Thursday, March 7, 2013

The Golden Circle Tour, Iceland

The most popular tour in Iceland is the Golden Circle.  This eight hour tour covers about a 300 km (~186 mile) loop from Reykjavík.

The pole marks the Alþingi

Þingvellir National Park, in Bláskógabyggð, is the first stop.  Alþingi, the world's oldest parliament, was established in 930 AD.  The national park, Iceland's first, was founded in 1930.

On 17 July 1944, this is where Icelanders celebrated their independence from Denmark.  In 2004, it became a UNESCO World Heritage Site.

Þingvellir lays on the mid-Atlantic ridge where the North American and Eurasian tectonic plates separate about 2.5 cm (~1 inch) per year.  The valley is quite beautiful.

Gullfoss, the Golden Falls, are in southwest Iceland.  Glacier water from the Hvítá River falls in two spots before making its way into a 32 m (105 feet) gorge.  The first fall is 11 m (36 feet) and the second is 21 m (69 feet).

At one point there were plans to build a dam for a power station.  The story goes that Sigríður Tómasdóttir threatened to throw herself in to the waterfall and ended up saving the falls.  Today, the falls are owned by the state.  The view was great but it was so cold.  With the wind chill it was -16°C (3°F).  My camera lens was freezing up.  As were people's eyeglasses.  Brrrr!!!

Haukadalur Valley is home to Geysir.  The Great Geysir has been active for around 10,000 years and can hurl boiling water up to 70 meters but the eruptions are infrequent and in the past have stopped for years at a time.


Strokkur is the largest and most dynamic hot spring in Iceland today. 

It erupts every 5 to 10 minutes and eruptions can reach heights of 30 meters (98 feet).  There are over 30 other smaller hot springs and mud pots nearby.

The Faxi Waterfall is a small waterfall on the Tungufljót River.  Yeah, it's smaller than Gullfoss but it still seemed pretty big to me.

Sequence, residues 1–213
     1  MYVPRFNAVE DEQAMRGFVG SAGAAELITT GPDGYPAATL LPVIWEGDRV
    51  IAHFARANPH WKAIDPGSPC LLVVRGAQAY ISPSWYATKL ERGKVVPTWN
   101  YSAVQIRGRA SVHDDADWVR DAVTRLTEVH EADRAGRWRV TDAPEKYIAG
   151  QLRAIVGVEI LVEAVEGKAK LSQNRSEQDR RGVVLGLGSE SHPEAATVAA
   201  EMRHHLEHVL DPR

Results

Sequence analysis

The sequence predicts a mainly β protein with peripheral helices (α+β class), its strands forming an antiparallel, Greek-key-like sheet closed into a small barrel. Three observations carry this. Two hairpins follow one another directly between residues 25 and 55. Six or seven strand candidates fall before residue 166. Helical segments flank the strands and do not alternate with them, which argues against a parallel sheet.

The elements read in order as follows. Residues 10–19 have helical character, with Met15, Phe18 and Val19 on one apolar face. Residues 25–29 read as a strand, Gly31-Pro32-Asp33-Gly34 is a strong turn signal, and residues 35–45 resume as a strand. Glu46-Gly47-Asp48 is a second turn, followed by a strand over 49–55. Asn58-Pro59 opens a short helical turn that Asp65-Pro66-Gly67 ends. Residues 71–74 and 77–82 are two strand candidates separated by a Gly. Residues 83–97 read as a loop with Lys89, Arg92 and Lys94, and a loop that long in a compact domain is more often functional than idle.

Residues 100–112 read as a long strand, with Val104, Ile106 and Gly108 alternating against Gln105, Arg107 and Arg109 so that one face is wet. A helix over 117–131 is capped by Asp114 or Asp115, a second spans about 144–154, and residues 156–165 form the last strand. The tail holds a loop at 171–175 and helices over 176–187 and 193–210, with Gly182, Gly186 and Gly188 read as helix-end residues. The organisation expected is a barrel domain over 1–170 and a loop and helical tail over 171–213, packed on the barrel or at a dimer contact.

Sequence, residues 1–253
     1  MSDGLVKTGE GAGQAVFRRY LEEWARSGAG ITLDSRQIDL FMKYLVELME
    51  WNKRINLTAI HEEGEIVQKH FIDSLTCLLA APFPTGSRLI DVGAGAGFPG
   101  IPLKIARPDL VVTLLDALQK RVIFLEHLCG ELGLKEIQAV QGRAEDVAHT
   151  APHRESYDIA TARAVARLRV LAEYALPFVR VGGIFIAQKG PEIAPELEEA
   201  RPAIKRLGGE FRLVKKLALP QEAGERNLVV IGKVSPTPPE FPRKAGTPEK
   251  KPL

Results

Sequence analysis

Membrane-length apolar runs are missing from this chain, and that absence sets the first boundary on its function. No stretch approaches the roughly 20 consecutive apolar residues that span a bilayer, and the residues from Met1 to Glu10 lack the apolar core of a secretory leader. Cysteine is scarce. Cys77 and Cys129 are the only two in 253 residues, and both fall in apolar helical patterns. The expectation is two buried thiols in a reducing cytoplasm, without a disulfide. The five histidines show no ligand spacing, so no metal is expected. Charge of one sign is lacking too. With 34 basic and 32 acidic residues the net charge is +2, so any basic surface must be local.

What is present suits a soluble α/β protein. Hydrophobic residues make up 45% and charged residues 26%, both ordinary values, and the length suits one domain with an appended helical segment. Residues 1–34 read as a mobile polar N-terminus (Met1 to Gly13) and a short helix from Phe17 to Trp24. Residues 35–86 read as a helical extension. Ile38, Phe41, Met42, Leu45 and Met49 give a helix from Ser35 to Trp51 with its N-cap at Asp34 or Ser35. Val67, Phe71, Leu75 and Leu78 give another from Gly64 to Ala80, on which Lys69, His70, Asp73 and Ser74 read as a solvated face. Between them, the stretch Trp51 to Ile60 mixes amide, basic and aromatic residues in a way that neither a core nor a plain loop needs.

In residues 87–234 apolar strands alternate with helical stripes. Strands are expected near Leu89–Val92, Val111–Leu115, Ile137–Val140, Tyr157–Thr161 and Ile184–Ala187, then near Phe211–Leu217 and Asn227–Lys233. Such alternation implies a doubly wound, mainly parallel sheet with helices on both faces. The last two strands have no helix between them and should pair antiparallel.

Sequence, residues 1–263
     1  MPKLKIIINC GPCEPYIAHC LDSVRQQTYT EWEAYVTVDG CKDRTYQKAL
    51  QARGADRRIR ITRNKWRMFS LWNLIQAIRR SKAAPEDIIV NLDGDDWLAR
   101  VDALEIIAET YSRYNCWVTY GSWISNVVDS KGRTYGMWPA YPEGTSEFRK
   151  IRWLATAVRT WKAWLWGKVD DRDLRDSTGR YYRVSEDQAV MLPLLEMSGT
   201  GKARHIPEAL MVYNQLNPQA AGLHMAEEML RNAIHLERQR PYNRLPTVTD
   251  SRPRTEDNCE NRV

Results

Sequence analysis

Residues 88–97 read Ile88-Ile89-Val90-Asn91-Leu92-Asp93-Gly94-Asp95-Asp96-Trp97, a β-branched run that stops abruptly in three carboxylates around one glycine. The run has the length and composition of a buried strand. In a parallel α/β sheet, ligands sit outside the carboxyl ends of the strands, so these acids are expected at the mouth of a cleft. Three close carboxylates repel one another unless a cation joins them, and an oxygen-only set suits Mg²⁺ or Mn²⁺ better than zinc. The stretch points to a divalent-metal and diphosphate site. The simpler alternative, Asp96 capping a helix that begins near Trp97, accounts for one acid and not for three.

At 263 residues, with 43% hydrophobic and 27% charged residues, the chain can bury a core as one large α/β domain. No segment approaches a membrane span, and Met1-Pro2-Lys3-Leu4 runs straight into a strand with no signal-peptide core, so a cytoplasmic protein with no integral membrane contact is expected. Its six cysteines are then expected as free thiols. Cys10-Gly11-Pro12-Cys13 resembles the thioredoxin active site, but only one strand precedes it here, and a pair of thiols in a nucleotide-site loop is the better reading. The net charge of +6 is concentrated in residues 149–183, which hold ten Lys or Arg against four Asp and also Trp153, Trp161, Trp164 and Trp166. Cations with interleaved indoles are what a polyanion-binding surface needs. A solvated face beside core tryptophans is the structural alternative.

Skálholtdómkirkja - the Lutheran Cathedral

Skálholt was a major political and cultural center in Iceland throughout the Middle Ages.  It used to be the ancient seat of Icelandic bishops.  Skálholtdómkirkja is the Skálholt Cathedral which was built from 1956 to 1963.

In the distance we could see Eyjafjallajökull.  Many people simply call it E-15 since "E" plus the next 15 letters are so difficult to pronounce.  It's actually pronounced "EYE-ya-fyah-dla-YOE-kudl" and it means "island mountain glacier".  This is the Iceland volcano that erupted in 2010 and brought down air traffic across Europe.

Kerið is a volcanic crater lake in the Western Volcanic Zone.  The red volcanic rock is really colorful especially with the frozen water in the crater.  The crater is 55 m (180 feet) deep, 170 m (560 feet) wide and 270 m (890 feet) across.  Kerið is about 3,000 years old.

Hellisheiði is the second largest geothermal power station in the world.  It became operational in 2006.  It supplies 30% of the country's electricity and 1,100 liters (290 gallons) of hot water, 82-82°C (179-185°F), per second for Reykjavík's heating needs.  You will for sure never run out of hot water in Reykjavík but the water has a definite sulfur smell to it.

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